The US Still Has the Strongest Military Presence Overseas of its Peer Competitors

Despite the neocon outcries in the aftermath of Joe Biden’s decision to withdraw troops from Afghanistan, the US remains the global superpower in terms of its military presence abroad. When compared to its peers in the U.N. Security Council, the US is leaps and bounds ahead of them when it comes to its military footprint. 

Statista’s Katharina Buchholz provided an overview of the five permanent members of the U.N. Security Council’s permanent military presence abroad in the form of the following graphic illustrations: 

Despite the constant fear-mongering about China from certain hawks in the American international relations space, China has the smallest overseas presence among its peers in the U.N. Security Council. China’s base in Djibouti is its most high profile military installation, where it has an army support base. Buchholz also observed that China “has a small unofficial presence in Tajikistan, close to the Afghanistan border, as well as an interception facility on an island belonging to Myanmar.” 

Indeed, China is an emerging power that has aspirations of securing its interests abroad. So it will make moves to expand its military footprint to secure shipping lanes and protect its supply chains. Currently, China is making moves to set up new military bases in Cambodia, Tanzania, and the United Arab Emirates, along with Kiribati, which Buchholz noted “lies within striking distance of Hawaii.”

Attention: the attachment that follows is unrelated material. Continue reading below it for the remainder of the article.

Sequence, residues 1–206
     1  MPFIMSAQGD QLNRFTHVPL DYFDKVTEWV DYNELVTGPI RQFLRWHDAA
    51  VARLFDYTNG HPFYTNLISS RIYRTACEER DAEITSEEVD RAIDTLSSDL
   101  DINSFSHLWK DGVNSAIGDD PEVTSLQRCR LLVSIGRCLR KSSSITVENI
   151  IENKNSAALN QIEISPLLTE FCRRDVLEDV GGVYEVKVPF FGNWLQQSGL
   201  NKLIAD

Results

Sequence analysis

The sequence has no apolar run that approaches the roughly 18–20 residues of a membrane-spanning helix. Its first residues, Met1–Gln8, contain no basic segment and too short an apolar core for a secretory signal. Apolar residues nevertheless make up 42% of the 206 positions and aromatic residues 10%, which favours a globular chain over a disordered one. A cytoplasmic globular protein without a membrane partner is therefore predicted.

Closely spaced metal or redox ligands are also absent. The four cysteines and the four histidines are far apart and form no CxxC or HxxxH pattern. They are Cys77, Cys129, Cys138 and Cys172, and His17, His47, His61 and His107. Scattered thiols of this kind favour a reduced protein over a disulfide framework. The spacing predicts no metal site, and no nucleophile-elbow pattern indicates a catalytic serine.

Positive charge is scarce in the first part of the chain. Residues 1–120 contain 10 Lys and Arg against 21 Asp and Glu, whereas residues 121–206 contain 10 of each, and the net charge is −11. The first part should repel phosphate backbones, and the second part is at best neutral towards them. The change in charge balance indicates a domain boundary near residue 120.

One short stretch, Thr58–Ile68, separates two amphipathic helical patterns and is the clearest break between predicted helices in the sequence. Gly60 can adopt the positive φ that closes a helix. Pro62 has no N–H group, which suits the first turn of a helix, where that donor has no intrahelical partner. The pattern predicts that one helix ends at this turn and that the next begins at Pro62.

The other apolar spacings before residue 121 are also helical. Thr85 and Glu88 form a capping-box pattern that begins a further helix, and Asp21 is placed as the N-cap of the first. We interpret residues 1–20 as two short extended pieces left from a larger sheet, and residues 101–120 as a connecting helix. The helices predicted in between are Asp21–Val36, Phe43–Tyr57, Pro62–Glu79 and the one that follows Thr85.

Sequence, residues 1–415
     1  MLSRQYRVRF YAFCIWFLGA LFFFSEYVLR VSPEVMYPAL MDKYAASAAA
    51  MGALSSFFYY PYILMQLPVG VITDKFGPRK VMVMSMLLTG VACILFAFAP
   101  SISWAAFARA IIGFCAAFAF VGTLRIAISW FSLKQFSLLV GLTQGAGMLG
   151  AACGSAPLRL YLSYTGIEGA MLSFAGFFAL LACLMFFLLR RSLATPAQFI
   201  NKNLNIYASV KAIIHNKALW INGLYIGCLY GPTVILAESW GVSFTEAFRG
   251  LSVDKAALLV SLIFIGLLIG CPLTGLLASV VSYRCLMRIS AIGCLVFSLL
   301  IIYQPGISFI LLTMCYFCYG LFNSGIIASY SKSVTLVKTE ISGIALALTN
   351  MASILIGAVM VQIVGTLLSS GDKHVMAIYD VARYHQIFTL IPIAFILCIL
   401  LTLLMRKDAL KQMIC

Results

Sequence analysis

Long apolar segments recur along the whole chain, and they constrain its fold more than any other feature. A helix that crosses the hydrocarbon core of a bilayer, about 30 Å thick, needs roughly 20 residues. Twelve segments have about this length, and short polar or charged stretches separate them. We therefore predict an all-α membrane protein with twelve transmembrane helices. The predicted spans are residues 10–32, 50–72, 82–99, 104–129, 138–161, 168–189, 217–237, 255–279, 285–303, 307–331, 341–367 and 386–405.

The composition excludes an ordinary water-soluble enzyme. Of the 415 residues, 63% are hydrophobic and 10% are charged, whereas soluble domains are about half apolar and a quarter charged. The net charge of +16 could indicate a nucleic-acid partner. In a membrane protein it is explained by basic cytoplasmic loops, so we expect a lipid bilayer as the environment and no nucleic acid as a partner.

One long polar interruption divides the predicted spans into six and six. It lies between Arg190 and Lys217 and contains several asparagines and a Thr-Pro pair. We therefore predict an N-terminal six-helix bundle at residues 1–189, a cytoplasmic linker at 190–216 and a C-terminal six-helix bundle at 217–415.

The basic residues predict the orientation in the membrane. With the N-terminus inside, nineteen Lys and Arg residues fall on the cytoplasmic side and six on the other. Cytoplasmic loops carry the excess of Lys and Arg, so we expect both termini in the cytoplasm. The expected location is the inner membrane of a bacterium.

Bucholz outlined the US’s formidable military presence below:

The US military has major bases in almost 30 countries and territories around the world – from Guantanamo Bay in Cuba to a joint training base with the Australian military in the country’s Northern Territory – even though the count of every U.S. military presence abroad encompasses 700 locations in around 80 foreign countries/territories.

The United Kingdom has a vast network of military bases abroad, although it pales comparison to the US’s military power. France’s military bases are generally a vestige of its historic role in colonizing large swathes of Africa.

Russia’s military footprint has striking continuity with its imperial past where its presence is predominantly situated in the “Soviet Union’s former territories and allies in Eastern Europe, the Caucasus and Central Asia.”

The US still remains the pre-eminent military power on the world stage. Nonetheless, the US should retool its foreign policy and shift its focus to defending its border and mostly focus on securing the Western Hemisphere. There comes a point where other countries have to start defending themselves and not exclusively rely on the US for their security needs.